I would like to add that you should make an effort to show the guy that you didn't just C/P a message. Write his name, maybe a bit about yourself, your major, your career goals, etc, and mention the field he works in.

    Of course, some people suggest that you actually read a paper the professor wrote and talk about it, but IMO that's wayyyyy to time consuming to do on a large scale (and I mean large scale, you should probably email like 50 profs to get like 2 callbacks).

    MATLAB experience is a huge bonus for a field in sciences/engineering from my experience.
  11. FearZeCrawdaunt

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    Lab experience is a huge plus. Ever made an SDS PAGE gel plate? Ever taken a mortar and pestle and ground onion mulch with sand in it (it's not hard...). Ever handled/added Bromalain Blue as a dye to count cells, or prepared a cell culture for cryopreservation with glycerol or DMSO, or applied cell cultures to agar plates?

    None of this is particularly hard. But having that kind of experience means very little training time, and it also means you know proper lab procedures. You'll cover most of the procedures (and more) in any first and/or second year Biology course, and likewise for similar labwork in chemistry. Without it, you'd probably find it difficult to get a job in a lab without knowing someone on the inside.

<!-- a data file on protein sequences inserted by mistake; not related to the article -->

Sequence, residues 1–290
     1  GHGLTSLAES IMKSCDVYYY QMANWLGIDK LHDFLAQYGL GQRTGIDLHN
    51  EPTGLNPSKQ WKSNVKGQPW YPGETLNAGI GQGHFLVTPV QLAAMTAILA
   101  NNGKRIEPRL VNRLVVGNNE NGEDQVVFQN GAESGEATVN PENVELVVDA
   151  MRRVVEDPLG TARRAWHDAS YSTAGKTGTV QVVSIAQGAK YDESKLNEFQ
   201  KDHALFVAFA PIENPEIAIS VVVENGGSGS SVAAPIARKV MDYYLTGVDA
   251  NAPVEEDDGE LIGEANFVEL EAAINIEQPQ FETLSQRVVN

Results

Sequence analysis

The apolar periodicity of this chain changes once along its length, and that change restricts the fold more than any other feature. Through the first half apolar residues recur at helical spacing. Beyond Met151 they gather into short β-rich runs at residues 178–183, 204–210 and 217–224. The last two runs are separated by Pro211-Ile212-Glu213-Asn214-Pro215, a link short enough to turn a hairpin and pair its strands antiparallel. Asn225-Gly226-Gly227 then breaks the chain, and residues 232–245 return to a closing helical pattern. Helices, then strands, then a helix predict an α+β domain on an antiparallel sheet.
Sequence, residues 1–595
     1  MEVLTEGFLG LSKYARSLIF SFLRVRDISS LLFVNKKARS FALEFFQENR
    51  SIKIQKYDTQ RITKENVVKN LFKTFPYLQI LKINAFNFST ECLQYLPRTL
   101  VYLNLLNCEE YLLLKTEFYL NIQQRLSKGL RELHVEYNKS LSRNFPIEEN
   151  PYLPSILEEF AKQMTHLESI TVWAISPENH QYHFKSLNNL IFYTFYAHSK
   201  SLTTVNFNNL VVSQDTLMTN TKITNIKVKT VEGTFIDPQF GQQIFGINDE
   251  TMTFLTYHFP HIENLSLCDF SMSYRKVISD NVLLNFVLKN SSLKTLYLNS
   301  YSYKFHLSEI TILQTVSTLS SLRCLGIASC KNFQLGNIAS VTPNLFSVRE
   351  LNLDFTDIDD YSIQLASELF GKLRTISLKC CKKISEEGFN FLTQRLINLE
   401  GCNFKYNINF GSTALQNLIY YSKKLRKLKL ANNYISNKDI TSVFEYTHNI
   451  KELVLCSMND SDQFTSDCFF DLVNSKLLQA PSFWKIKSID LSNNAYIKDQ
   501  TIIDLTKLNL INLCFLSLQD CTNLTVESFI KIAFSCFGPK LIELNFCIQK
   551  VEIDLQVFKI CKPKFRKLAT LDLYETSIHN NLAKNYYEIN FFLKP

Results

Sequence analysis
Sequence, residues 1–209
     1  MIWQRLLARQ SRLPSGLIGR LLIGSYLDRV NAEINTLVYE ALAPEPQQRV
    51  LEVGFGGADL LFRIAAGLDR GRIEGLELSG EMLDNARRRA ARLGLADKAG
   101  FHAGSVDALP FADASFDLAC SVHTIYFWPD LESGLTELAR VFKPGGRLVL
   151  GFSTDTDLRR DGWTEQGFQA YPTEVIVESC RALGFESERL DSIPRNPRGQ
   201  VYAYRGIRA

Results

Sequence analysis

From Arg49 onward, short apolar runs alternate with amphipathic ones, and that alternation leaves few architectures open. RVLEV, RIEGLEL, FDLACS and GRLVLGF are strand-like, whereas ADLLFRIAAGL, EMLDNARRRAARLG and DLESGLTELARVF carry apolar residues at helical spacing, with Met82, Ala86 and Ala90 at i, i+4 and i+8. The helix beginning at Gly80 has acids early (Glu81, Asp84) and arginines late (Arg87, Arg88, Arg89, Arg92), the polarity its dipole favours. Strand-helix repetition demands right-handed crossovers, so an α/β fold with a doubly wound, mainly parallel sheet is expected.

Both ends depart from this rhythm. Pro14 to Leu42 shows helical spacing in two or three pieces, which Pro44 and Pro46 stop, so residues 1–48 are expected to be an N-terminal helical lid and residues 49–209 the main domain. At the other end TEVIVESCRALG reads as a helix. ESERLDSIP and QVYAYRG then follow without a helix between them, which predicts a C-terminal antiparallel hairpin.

A great suggestion though, is just ask your university if there's work experience available, and I'm sure they could help point you in the right direction. And, like others have said multiple times, email professors and make it genuine.
  12. Morm

    Morm

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    go in and introduce yourself, offer to volunteer and then when sometimes paid comes up you may just win.

    Pretty much though you must go to university. Undergrad in progress minimum, usually 4th or sometimes 3rd year.